Jun 15 2007
By Mary Orndorff
Utility companies would have to get 15 percent of their power from renewable sources such as wind and solar under a proposal now pending in the Senate.
But the measure is opposed by Alabama's largest utility and its state regulators.
Advocates say the 15 percent mandate would increase the use of more environmentally friendly power and lessen the reliance on limited and dirtier fossil fuels such as coal.
Opponents, including the Southern Co., Alabama Power's parent, say Southeastern states can't meet the tougher standard. The high cost of failing to meet that standard would be passed onto consumers. Edison Electric Institute, which represents U.S. shareholder-owned electric companies, has said the cost in Alabama could be $7.9 billion over 23 years.
The debate in the Senate on the proposal from Sen. Jeff Bingaman, D-N.M., breaks largely along geographic lines, pitting states with reliable mountaintop breezes and steady sunshine against those without.
"This ... standard would reduce our dependence on traditional polluting sources of electricity. It would reduce our dependence on foreign energy sources. It would reduce the growing pressure on natural gas as a fuel for the generation of electricity. It would reduce the price of natural gas," Bingaman said. "Those are some of the benefits."
Bingaman's proposal, known as the renewable portfolio standard, is an amendment to an overall energy policy bill and could come to a vote next week.
Alabama's senators will be voting against it.
"The goal is worthy but my analysis is that the burden will fall disproportionately on constituents in my area of the country, particularly my state," Sen. Jeff Sessions, R-Ala., said Thursday.
Utilities that didn't meet the standard would have to pay, a cost that would show up in monthly power bills, said Sen. Richard Shelby, R-Ala.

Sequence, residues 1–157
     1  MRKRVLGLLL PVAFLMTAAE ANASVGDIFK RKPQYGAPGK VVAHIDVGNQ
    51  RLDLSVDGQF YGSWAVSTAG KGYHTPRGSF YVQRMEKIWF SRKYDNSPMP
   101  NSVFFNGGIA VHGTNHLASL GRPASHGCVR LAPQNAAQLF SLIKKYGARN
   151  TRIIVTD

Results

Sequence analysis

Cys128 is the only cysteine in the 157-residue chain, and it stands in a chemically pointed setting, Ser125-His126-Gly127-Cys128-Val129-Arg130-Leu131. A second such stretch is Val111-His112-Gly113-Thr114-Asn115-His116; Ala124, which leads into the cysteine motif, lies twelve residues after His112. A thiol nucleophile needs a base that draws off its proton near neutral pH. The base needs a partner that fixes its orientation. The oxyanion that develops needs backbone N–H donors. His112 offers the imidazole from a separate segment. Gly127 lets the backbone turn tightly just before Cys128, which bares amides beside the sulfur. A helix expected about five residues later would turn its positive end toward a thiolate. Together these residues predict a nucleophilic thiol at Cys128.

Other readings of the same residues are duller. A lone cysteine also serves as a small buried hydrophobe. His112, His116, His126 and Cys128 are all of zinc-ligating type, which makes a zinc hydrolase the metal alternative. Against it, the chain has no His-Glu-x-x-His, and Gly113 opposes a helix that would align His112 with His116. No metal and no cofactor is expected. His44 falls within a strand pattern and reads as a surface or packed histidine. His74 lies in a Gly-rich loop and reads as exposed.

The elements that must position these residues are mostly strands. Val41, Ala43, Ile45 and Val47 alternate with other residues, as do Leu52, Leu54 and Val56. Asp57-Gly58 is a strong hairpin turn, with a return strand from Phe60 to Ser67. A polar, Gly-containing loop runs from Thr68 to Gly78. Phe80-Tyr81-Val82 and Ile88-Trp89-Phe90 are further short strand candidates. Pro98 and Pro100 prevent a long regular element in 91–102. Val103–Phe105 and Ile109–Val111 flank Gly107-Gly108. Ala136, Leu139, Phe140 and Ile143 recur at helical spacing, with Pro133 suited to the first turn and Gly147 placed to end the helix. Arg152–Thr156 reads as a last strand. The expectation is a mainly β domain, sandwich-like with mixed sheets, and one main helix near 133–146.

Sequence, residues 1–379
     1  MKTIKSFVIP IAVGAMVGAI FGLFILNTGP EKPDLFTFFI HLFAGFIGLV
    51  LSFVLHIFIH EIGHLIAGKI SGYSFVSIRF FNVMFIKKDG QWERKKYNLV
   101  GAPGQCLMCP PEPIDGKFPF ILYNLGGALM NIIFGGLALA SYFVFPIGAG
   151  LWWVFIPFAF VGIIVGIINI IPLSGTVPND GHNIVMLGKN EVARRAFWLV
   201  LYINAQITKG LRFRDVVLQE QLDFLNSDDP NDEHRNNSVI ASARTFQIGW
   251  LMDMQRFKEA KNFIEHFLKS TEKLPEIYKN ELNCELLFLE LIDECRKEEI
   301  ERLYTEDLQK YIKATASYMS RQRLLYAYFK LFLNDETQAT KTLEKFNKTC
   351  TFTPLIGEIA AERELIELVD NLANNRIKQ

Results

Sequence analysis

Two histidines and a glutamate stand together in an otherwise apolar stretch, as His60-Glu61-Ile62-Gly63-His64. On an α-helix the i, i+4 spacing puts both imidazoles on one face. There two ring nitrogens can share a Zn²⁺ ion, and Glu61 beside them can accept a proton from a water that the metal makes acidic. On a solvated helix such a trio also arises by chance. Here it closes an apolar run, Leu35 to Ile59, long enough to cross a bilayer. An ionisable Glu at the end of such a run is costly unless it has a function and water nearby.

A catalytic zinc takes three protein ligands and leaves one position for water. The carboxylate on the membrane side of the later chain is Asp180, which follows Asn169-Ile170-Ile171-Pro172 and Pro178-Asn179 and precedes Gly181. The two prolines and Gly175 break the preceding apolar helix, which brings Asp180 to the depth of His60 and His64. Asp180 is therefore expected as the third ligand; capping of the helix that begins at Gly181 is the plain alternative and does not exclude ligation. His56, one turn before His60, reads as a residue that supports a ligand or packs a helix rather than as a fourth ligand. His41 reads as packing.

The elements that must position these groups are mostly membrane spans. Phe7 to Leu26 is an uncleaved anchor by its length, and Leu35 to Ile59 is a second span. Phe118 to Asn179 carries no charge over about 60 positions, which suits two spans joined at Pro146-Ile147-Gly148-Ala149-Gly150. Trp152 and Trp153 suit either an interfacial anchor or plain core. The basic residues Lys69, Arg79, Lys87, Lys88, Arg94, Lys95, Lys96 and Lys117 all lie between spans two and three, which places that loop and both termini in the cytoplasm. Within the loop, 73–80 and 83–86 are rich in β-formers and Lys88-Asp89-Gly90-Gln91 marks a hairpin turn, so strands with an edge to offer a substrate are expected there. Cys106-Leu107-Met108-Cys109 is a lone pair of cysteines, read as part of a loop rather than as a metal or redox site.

"They don't call it a tax, but that's what it is," Shelby said. "We don't have a lot of wind (or sunshine). Nature decides a lot of that and to punish our hardworking people because of that, that defies logic to me."
Phased in until 2020:
More than 20 states, mostly in the West and Northeast, already have some requirement for the use of renewable energy, but Bingaman's bill would be a national standard. It would phase in over several years, from 3.75 percent in 2010-12 to 15 percent by 2020.
The types of power that would qualify are wind, solar, ocean, geothermal, biomass and landfill gas. Only increases in hydropower would be eligible, not what is already being produced. Nuclear is not included, either.
The list is too limited for states such as Alabama, according to the opponents, because of too many cloudy days and not enough steady winds.
Alabama Power and Atlanta-based Southern Co. are carefully lobbying against the standard, saying they support the goal of using more renewable energy sources but they oppose the rigid standard.
"It doesn't take into account that many renewable sources are inconsistent in performance and reliability, depending on the region," said Mike Tyndall, a spokesman for Southern Co.
Southern Co. generates about 1 percent of its power from renewable sources such as methane gas and biomass, like burning switch grass, and zero from solar or wind. To get to 15 percent, the four-state utility with 4.3 million customers would need 6,600 wind turbines or 190 square miles of solar panels or 5,800 square miles of switch grass, according to information the company is providing to Congress.
For utilities that don't meet the standard, it would cost 2 cents per kilowatt hour to reach compliance. Southern Co. estimates its cost would be $13 billion over 23 years.
Sessions said a "secret, unstated" goal of the renewable standard is to drive up the price of electricity so high that people use less of it.
"That's not good. Our goal as a nation should be safe, clean energy that is available at a cost as low as possible," Sessions said.
Higher consumer prices:
The Alabama Public Service Commission joined regulators from other Southern states in opposing the 15 percent standard, arguing that utilities in Alabama would be forced to buy credits because they couldn't produce enough wind or solar power to meet it.
"Correspondingly, our retail electricity consumers will end up paying higher electricity prices with nothing to show for it," they wrote to Congress.
The Tennessee Valley Authority generates less than 1 percent of its power from solar, wind and methane gas projects in its territory. Although TVA has not taken a formal position on the renewable standard, it provided Congress information that it would cost the utility $70 million in 2011 and $410 million in 2020.
Employees and political action committees affiliated with Southern Co. combined to be the top source of campaign contributions to Shelby's re-election account over the past five years, at $73,750, according to a tally from the Center for Responsive Politics. They are the second largest contributor over the same time frame to Sessions, at $34,600.